Kerala H.C : The assessing authority invoked the legal fiction under s. 115JB of the IT Act, which enables the Revenue to arrive at fictitious conclusion regarding the total income of the assessee and assess the tax on such total income

High Court Of Kerala

Kerala State Electricity Board vs. DCIT

Section 43B, 115JB

Asst. Year 2002-03 to 2005-06

J. Chelameswar, C.J. & P.R. Ramachandra Menon, J.

IT Appeal Nos. 1703, 1710 & 1716 of 2009 and 127 of 2010

12th November, 2010

Counsel Appeared :

E.K. Nandakumar, for the Petitioner : Jose Joseph, for the Respondent

JUDGMENT

J. Chelameswar, C.J. :

These four appeals under s. 260A of the IT Act, 1961 are preferred by the Kerala State Electricity Board, a statutory corporation constituted under s. 5 of the Electricity Supply Act, 1948, aggrieved by the orders of the Tribunal, Cochin Bench. The dispute pertains to four assessment years viz. 2002-03 to 2005-06. The facts of the four appeals are similar; therefore, we state the facts in IT Appeal No. 1703 of 2009 corresponding to the asst. yr. 2002-03.

For the said assessment year, the appellant filed return declaring the current loss at Rs. 4,11,56,63,704. The return was subsequently revised and loss reduced to Rs. 2,03,81,27,595. The assessment was made under s. 143(3) of the IT Act. The assessing authority made substantial additions to the income return filed by the appellant and disallowed certain claims of the appellant.

It may be mentioned herein that the dispute revolves mainly around certain amounts collected by the appellant, pursuant to the statutory obligations created under s. 5 of the Kerala State Electricity Duty Act, 1963. Under s. 4 of the said Act, a duty is levied on the consumers of electricity specified in column (2) of the Schedule. Under s. 5, the appellant is obliged to collect from the consumer the above-mentioned duty and pay to the Government at the time and in the manner as prescribed by rule. Further details of the scheme of the said Act may not be necessary for the purpose of deciding this appeal. *Sec. 4. Levy of electricity duty on consumers.— Every consumer belonging to any of the classes specified in column (2) of the Schedule shall pay every month to the Government in the prescribed manner a duty calculated at the rate specified against that class in column (3) thereof : Provided that in cases where the supply of energy to a consumer is regulated by an agreement entered into between the Government or the licensee and the consumer it shall be competent for the Government either to reduce the rate at which duty is leviable on such consumer or to exempt such consumer from payment of duty under this section subject to, such terms and conditions as may be imposed by the Government. **Sec. 5. Collection and payment of electricity duty levied on consumers.—(1) Every licensee shall collect and pay to the Government at the time and in the manner prescribed, the electricity duty payable under s. 4 of this Act on the units of energy consumed by every consumer to whom energy is supplied by him. The duty so payable shall be a first charge on the amounts recoverable by the licensee for the energy consumed, and shall be a debt due by him to the Government. (2) When any consumer fails or neglects to pay at the time and in the manner prescribed, the amount of electricity duty due from him, the licensee may, without prejudice to the right of the Government to recover the amount under s. 8, after giving not less than seven clear days’ notice in writing to such consumer, cut off supply of energy to such consumer; and he may, for that purpose, exercise the power conferred on a licensee by sub-s. (1) of s. 34 of the Indian Electricity Act, 1910, for the recovery of any charge or sum due in respect of energy supplied by him.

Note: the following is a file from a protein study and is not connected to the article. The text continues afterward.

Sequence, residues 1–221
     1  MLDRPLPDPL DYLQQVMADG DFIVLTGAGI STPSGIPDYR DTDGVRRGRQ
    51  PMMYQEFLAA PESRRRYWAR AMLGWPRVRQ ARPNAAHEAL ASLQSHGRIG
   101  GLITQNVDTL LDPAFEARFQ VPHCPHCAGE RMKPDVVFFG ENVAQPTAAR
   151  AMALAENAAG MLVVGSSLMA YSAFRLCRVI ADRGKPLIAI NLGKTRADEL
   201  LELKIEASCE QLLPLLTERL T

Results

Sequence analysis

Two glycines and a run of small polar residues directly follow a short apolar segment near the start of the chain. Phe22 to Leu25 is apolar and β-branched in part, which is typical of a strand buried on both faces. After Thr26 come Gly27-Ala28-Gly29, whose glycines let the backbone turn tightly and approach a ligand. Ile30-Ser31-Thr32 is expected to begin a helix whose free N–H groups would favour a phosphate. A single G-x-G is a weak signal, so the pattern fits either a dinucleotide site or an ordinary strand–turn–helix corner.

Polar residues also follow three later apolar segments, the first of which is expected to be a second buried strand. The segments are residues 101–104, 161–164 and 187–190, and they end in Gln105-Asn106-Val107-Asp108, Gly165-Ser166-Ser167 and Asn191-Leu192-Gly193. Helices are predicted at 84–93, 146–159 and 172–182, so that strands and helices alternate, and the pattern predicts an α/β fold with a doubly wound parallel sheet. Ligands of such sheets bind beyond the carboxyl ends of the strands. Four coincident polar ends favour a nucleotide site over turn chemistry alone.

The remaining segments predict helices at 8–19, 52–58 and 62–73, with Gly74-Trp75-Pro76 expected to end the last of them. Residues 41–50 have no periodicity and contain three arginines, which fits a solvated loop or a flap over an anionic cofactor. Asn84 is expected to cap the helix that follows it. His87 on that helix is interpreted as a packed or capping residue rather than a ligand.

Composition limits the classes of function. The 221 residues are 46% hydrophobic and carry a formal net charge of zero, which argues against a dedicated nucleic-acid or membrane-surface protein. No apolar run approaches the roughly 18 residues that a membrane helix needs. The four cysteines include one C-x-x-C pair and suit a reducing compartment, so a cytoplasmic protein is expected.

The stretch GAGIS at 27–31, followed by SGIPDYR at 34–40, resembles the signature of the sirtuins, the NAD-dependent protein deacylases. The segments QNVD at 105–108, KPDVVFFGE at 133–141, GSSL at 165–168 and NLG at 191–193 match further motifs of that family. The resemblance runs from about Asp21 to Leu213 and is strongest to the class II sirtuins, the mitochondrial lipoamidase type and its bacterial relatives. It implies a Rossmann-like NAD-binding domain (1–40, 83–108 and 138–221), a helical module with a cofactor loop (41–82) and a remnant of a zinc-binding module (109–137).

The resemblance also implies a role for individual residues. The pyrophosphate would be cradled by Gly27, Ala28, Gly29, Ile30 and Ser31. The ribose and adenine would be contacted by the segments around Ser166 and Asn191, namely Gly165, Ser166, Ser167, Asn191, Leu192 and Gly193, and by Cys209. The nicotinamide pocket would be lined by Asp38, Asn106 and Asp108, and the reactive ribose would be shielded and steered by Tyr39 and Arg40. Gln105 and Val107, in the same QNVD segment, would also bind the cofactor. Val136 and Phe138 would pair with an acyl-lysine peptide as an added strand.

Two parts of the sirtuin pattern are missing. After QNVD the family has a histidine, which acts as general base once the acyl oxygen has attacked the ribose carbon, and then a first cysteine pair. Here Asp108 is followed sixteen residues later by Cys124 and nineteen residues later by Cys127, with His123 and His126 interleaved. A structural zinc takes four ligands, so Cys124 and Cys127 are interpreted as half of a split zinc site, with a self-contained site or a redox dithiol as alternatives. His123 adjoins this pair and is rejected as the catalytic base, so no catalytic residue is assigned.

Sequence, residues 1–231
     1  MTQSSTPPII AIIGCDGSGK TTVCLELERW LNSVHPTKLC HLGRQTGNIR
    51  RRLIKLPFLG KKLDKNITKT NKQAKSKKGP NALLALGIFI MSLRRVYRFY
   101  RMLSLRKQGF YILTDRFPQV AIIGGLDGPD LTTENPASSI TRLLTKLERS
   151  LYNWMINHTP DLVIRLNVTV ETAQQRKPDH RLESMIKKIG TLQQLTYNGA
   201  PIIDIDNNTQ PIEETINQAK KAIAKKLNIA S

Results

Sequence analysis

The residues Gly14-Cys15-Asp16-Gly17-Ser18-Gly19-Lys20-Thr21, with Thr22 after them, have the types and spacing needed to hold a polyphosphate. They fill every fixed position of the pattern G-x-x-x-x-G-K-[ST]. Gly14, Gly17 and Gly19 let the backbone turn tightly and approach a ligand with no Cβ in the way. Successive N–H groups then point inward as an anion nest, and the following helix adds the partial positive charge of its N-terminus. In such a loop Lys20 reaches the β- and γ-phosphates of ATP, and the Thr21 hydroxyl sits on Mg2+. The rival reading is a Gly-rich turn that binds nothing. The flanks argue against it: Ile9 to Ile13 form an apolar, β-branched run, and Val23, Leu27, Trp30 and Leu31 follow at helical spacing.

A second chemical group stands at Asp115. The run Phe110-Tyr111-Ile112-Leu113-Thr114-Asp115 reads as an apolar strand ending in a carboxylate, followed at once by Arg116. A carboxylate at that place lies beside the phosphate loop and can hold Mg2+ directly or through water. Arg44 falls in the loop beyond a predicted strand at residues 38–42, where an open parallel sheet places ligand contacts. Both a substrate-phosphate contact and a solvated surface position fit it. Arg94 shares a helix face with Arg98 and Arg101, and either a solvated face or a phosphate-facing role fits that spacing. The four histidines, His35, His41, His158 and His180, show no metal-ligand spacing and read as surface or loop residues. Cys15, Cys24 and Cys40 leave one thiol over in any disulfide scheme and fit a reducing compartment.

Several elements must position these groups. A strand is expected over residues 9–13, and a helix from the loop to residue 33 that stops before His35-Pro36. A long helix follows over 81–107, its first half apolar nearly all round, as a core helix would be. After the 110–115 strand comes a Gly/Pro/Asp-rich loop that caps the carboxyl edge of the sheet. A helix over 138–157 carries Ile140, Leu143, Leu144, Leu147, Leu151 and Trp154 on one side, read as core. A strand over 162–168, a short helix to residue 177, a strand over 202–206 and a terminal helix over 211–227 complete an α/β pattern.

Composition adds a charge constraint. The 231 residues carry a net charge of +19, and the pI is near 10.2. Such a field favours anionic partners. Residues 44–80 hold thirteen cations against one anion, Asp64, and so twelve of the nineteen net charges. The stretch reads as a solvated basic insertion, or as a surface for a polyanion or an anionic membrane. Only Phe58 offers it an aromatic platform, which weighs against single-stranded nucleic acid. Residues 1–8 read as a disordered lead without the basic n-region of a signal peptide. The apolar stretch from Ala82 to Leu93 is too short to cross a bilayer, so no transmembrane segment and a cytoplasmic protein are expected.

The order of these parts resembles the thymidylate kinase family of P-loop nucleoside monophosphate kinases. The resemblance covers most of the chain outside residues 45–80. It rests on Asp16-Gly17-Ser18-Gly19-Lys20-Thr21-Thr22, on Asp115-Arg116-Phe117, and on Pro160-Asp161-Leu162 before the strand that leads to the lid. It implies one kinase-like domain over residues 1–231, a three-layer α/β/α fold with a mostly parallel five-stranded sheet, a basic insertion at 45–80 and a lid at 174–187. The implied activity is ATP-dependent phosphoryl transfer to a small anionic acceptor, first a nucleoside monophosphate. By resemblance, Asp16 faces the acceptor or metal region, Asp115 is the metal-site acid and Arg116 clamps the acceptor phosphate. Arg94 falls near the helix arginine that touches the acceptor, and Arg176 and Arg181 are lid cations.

It appears, for the asst. yr. 2002-03, the appellant collected an amount of Rs. 1,25,19,23,805 from the various consumers (of the electricity supplied by the appellant) the duty payable under s. 4 of the Kerala State Electricity Duty Act. But, the amount admittedly remained in the hands of the appellant by the date of assessment, though under s. 4, the amount is required to be paid to the Government. It is the case of the appellant that under an agreement between the State of Kerala and the appellant, the appellant is entitled to retain 1 per cent of the total amount collected from the consumer pursuant to s. 4 of the above-mentioned Act to enable the appellant to meet the expenditure involved in collecting the tax and the balance is liable to be paid to the State. The learned counsel for the appellant submits that such balance amount is either actually paid to the Government or adjusted in the accounts between the State and the appellant. The details of which may not be necessary for the purpose of the present appeal.

As already mentioned, the facts of each of the other appeals are also similar, except the dates and amounts vary from year to year. In view of the fact that the assessing authority made certain additions to the income returned by the appellant and disallowed certain claims, the appellant carried the matter in appeals (aggrieved by the said assessment orders) before the CIT(A), Thiruvananthapuram. The appeals were allowed. Aggrieved by such appellate orders, the Revenue carried the matter before the Tribunal successfully. Hence the instant appeals by the assessee.